Command-Line Plug-In

The command-line plug-in provides the ability to execute programs on the RapidContext server. This allows RapidContext to run shell scripts, binary executables or system utilities supporting a non-interactive or scriptable execution.

1. Built-in Procedure & Procedure Type

The command-line plug-in provides two ways to execute programs on the server:

2. Return Values

Using the cmdline/exec procedure, the command-line execution can easily be tested. Below follows some simple command examples (using a Unix environment):

cmdline/exec('ls', '', '')
  --> { exitValue: 0, output: 'cmdline http jdbc ...' }

cmdline/exec('test 0 -eq 1', '', '')
  --> { exitValue: 1, output: '' }

cmdline/exec('bash -c set', '', '')
  --> { exitValue: 0, output: 'BASH=/bin/bash BASH_ARGC=() BASH_ARGV=...' }

The result of a program execution is always an object with the following properties:

3. Input & Output Streams

When executing command-line programs, the RapidContext server captures the standard input and output streams (file descriptors 0, 1 & 2) in the following way:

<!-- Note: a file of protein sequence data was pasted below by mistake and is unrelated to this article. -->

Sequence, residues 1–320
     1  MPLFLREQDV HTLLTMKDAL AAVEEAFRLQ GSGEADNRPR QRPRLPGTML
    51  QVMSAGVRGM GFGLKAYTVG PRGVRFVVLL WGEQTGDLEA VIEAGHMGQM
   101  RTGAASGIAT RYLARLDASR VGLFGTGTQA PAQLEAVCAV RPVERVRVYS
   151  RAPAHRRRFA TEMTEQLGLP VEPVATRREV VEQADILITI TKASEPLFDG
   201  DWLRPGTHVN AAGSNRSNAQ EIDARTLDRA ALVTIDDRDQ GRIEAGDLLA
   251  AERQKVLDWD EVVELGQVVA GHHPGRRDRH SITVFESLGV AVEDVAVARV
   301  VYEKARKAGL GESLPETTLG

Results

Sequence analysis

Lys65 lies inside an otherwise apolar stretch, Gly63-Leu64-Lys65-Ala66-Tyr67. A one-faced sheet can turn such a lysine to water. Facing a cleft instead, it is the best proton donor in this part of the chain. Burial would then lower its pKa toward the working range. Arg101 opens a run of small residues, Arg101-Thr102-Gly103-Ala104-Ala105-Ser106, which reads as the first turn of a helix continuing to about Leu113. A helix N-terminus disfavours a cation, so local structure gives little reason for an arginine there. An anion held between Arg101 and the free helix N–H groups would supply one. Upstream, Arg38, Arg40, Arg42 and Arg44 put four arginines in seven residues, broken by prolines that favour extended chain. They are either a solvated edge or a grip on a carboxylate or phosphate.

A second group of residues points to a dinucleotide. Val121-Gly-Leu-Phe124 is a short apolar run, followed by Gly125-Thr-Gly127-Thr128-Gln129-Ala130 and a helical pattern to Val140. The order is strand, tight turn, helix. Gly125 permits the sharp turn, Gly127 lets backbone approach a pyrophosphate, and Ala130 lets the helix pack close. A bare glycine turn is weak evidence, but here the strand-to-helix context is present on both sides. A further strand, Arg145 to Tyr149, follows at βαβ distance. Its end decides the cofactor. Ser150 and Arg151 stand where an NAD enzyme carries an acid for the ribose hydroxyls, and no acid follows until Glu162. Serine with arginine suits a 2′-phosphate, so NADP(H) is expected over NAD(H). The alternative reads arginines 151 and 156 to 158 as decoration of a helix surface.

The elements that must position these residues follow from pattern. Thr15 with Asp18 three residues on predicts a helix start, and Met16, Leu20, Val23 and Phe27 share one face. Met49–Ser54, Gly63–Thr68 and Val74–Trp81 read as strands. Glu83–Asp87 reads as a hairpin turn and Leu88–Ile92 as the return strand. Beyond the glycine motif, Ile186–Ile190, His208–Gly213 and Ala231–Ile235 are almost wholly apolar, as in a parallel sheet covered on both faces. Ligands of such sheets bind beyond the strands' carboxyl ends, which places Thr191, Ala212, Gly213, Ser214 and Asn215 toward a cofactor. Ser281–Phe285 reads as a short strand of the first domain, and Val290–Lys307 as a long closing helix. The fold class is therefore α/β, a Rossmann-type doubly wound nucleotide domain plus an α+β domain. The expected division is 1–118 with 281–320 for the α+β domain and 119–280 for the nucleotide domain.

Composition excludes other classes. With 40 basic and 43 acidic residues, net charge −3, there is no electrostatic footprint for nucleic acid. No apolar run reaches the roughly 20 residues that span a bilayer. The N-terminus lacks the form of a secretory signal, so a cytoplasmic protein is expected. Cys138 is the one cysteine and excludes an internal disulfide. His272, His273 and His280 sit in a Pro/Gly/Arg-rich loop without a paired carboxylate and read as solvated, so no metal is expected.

Using the stderr stream, the program may also communicate progress information back to the server thread context. If the command is executed in a background thread, this information can be retrieved using system/thread/context and displayed in a progress bar or similar.

Each progress update must be on its own line and should be flushed to the stderr stream immediately (normally automatic). Each line starting with a # character will be analyzed, but only the lines matching the progress information format below will be used:

# progress: 34.9%
# progress: 35.0%
# progress: 35.3%

4. Execution Environment

The execution environment for each command can be controlled by the following two parameters:

The executable lookup is performed by the underlying operating system using the PATH variable as it was set when the RapidContext server was started. An absolute path to the executable program can naturally also be specified at the beginning of the command-line.


Some commands like cd & set are not binary executables on most systems, but instead available as shell built-ins. These commands are available by executing the shell binary and specifying the command with a parameter (see the example above).

5. Parameter Substitution

Command-line arguments and environment values may contain procedure call arguments (for cmdline.exec procedures). These are substituted with the procedure argument values at call time. Each procedure argument name must be prefixed with a : character in the command-line or environment string in order to be replaced:

# Substituting a 'dirName' procedure argument
echo :dirName